Six months ago at Epworth Hospital, Richmond

In Experiences, General by JohnLeave a Comment


It’s now over six months since I was discharged from Epworth Hospital, Richmond (an inner suburb to the east of Melbourne) on 23 December 2013, just before Christmas Eve.  I had been in hospital since 12 November of which the first two weeks or so were spent in the Intensive Care Unit (ICU).  Being in the ICU had a profound effect on me, not only because of my own condition and being told how close I had been to death, but also because of patients in neighbouring beds, a number of whom died while I was there.  The ICU seemed to have no natural light and I couldn’t tell whether it was day or night except that at night the lighting was reduced to a low level with what seemed like reddish lighting.

It was a relief when I was transferred to the Cardiac Ward on Level 6, and to my single room – ES605.


The above is a photo of my bed in ES605 towards the end of my stay. By then I was well able, and encouraged, to get up and walk around, and take photos.

Cricket---The-Ashes 608

And I could watch TV while in bed.  I enjoyed watching The Ashes series when the cricket was on.


Apart from watching TV, I also had a window view from my bed:

View-of-the-pyramid 608

The most noticeable feature of the view always struck me as being a pyramid, especially at night.  It added to my feeling of being somewhere strange and exotic.

Morning-Rain 608

The weather was more of a concept to  me, than a reality.  I could see what was going on with the weather outside, but my room itself was chilly for me even on the hottest days of summer.   A little bit of rain provided a diversion.

Morning-hot-air-balloons 608

A feature of hospital life was early to bed and early to rise (for my first injections of the day).  But sometimes there was an extra treat outside on a fine still morning, with the hot air balloons gliding past.  Oh for a telephoto lens!  I was using the camera in my phone.


Breakfast was also treat every morning.  I kept my meal orders to what I knew I could eat and only once did I let my eyes and meal order be bigger than my stomach.  That’s the time I ordered a double serve of pavlova as desserts for the evening meal.

Ward-near-me 608

As time went on I was able to get around and I was required to walk around the ward at least twice a day.  So one day I took a few photos.  The one above is the view of the Cardiac Ward from my room’s doorway.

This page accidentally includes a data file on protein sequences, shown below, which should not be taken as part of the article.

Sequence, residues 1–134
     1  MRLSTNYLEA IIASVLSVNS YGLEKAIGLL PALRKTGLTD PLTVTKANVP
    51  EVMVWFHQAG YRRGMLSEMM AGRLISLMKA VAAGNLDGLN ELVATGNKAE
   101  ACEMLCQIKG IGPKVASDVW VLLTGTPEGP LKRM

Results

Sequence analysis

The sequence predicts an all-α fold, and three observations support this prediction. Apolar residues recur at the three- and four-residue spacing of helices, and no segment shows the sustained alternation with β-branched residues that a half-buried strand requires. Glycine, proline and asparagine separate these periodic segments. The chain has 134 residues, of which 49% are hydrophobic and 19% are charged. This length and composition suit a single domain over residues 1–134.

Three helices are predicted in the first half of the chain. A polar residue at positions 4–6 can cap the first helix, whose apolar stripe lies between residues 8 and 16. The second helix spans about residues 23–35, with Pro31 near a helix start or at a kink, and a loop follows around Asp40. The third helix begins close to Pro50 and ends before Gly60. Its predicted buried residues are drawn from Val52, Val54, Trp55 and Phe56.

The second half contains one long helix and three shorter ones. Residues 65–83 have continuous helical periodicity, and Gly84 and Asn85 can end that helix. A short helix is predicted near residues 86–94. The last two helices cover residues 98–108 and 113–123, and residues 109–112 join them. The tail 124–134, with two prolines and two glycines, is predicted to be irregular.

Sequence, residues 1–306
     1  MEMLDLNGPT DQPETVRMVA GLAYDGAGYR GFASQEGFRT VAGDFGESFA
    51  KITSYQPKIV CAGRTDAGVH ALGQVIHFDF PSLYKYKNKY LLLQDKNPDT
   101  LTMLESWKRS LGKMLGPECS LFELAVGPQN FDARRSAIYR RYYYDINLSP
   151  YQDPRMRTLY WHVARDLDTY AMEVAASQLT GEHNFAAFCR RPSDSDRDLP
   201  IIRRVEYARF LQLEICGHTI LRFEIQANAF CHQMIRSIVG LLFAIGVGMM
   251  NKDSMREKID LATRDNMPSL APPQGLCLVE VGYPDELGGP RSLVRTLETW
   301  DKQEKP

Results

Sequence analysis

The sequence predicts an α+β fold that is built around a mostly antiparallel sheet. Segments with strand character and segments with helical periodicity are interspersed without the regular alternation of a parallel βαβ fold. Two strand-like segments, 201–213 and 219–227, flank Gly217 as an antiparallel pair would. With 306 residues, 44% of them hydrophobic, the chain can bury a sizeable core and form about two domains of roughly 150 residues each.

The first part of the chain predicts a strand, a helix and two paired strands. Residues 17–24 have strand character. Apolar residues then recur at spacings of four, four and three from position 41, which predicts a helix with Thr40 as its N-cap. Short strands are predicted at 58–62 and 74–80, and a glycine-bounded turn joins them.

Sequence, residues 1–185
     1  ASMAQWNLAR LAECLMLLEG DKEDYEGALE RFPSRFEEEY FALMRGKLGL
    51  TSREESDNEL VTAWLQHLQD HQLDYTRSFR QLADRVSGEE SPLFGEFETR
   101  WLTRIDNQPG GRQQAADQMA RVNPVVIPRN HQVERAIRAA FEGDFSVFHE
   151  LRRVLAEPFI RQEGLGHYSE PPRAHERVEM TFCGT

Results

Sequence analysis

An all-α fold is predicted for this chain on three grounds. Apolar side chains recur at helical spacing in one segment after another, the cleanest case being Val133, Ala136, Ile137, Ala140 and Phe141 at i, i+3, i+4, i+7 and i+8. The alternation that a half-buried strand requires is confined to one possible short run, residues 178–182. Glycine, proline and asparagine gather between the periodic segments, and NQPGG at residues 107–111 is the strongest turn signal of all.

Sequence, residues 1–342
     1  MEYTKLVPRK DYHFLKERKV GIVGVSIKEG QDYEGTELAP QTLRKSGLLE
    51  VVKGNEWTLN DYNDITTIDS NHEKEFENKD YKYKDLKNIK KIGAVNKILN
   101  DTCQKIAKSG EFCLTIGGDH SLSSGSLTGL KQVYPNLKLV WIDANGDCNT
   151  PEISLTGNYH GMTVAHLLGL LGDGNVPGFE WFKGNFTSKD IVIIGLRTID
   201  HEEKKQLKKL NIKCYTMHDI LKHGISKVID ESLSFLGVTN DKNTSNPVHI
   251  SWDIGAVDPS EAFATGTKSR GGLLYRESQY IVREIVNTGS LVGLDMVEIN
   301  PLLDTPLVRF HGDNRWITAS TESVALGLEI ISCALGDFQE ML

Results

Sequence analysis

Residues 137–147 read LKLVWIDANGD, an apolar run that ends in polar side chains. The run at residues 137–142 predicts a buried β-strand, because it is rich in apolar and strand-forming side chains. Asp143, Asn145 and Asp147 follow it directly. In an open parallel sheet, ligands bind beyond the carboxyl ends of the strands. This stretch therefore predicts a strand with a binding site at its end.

Now, I have already posted two photos of myself in my hospital bed in room ES605, but here is one that I took (another selfie) once I was able to get up and get dressed for part of the day.  Getting out of my hospital gown made me feel more like I was getting better.  This photo was taken before I’d managed to have a good shave, and I still had a little goatee.

The-Goatee 608


After spending six weeks in hospital with no prior notice, I was surprised at the amount of packing I had to do in preparation to being discharged on 23 December.  Apart from clothing which I bought while in hospital, there were cards (birthday, get well and Christmas) all the literature from the hospital regarding what I needed to do once I was responsible for my own care, and two bags of medications.

The biggest shock on the day that I got home was in the evening. I found myself alone and missing the company of all the doctors and nurses popping into my room every so often. And there was no-one to cook and bring in my dinner, or make sure I was tucked in safely when I went to bed, or to wish me good night.

For the first four months I went back to the hospital at least once a week, often twice and sometimes even three times, for tests, check-ups and rehabilitation sessions. And I spent a night in the Emergency Ward on 31 January, and an afternoon and evening a few days later on 4 February.

The frequency of tests and check-ups has eased off since then, which I understand is a good sign that I’m progressing well (or at least am stable), but the after-service still continues and I have appointments at various times throughout the rest of the year.  Planning so far ahead shows a happy optimism by the doctors.

The whole experience I’ve been through has given me a far better understanding of what others may have been through, or will one day go through, and I feel for those who were not as fortunate as I have been to come out of it.

It’s been a very humbling experience in so many ways, and I owe so much to so many at the Hospital who did more than I can ever put into words.


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